- Slides: 14
Writing the Introductory Paragraph
Introductory Paragraph • Get get the reader’s interest so that he or she will want to read more. • Let the reader know what the writing is going to be about (thesis statement).
Introductory Paragraph • Begin with a broad, general statement that you narrow down to your thesis statement. – Keep in mind that thesis provides the main idea for the entire composition. • Use a question or series of thought-provoking questions. • Use quotations.
Introductory Paragraph • Start with a startling statement, fact, or statistic which will get the reader’s attention to surprise, horrify, anger, or amuse the reader into reading more. • Use exaggeration where appropriate, but don’t be obnoxious.
Introductory Paragraph • Startle – Buyers beware! A suit, shined shoes, a Rolex, Old Spice, and a dazzling smile don’t make someone an expert. People should not let smooth-talking advertisers, manufacturers, and car salesmen sell them the wrong car. – Topic sentence: They can get the car that's just right for them if they follow this advice.
Introductory Paragraph • Humor (Exaggerate) – Our neighbors have all moved away—again, and it’s all Mom’s fault—again. – First it was Christmas wreaths in July, and then it was plastic eggs in December. – Topic sentence: Leaving holiday decorations up during the wrong season cause many problems.
Introductory Paragraph • Horrify – Imagine a line of dead and mangled bodies stretching for twenty-five miles— 25, 000 corpses. That is the number of victims of drunk driving every year. It’s hard to believe that the number is increasing in spite of the ads and community awareness efforts. – Topic sentence: The time has come to take more specific measures to get drunk drivers off the road.
Introductory Paragraph • State the importance of the topic. – Present statistical data, facts, figures that underscore the issues about to be discussed. – Present this in an objective manner; this is not the place to give your opinion. The facts speak for themselves. • Use an anecdote. – The best anecdotes are those coming from popular culture—stories and events that people are aware of and talking about.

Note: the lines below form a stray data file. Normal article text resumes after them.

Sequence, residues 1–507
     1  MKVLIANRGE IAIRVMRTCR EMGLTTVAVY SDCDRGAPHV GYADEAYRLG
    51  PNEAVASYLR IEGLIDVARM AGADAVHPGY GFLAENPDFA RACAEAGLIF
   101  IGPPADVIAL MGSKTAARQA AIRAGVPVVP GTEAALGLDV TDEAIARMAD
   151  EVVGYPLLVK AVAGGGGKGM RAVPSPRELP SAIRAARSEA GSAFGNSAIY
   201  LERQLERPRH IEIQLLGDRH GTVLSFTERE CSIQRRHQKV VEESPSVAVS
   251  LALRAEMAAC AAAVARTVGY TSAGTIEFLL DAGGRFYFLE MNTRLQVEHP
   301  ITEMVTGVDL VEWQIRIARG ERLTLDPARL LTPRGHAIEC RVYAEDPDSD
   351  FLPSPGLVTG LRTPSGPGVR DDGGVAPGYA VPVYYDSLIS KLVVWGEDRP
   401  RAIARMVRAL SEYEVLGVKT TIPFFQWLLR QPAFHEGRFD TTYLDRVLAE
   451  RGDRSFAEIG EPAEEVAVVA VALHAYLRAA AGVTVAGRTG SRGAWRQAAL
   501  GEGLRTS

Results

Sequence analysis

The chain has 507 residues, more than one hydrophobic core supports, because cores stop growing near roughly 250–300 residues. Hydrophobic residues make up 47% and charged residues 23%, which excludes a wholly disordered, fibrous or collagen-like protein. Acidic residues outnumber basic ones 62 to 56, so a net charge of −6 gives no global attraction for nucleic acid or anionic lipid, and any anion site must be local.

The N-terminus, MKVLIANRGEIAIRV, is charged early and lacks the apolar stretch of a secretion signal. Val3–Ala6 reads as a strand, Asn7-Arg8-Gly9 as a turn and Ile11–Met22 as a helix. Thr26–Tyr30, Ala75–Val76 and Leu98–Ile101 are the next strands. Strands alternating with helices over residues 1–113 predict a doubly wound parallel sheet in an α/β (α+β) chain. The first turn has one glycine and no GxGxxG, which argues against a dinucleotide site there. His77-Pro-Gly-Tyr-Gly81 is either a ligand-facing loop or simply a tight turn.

Introductory Paragraph • Sample Anecdote: Friends – Two friends were standing in a bank when a pair of robbers entered. Not only did the thieves clean out the tellers, but also they walked around with bags and ordered everyone to throw their valuables in. Just as the robbers got to the pair, one of the friends turned to the other, passed him a bill and said, "By the way, Joe, here’s that twenty dollars I owe you. "
Introductory Paragraph • Use the opposite of what you plan to write about. – This is done for dramatic effect, as in “What if the world were like this instead of what the world, or situation about to be discussed, truly is? ” – Readers are often fascinated, intrigued by this type of approach. • Use a combination of the strategies.
WHAT NOT TO DO!
Introductory Paragraph • Never apologize. – Don't suggest that you don’t know what you’re talking about or that you’re not enough of an expert in this matter that your opinion would matter. • Avoid phrases like – In my humble opinion. . . – I'm not sure about this, but. . .
Introductory Paragraph • Never announce your intentions. – Do not flatly announce what you are about to do in an essay. • Never write – In this paper I will. . . – The purpose of this essay is to. . .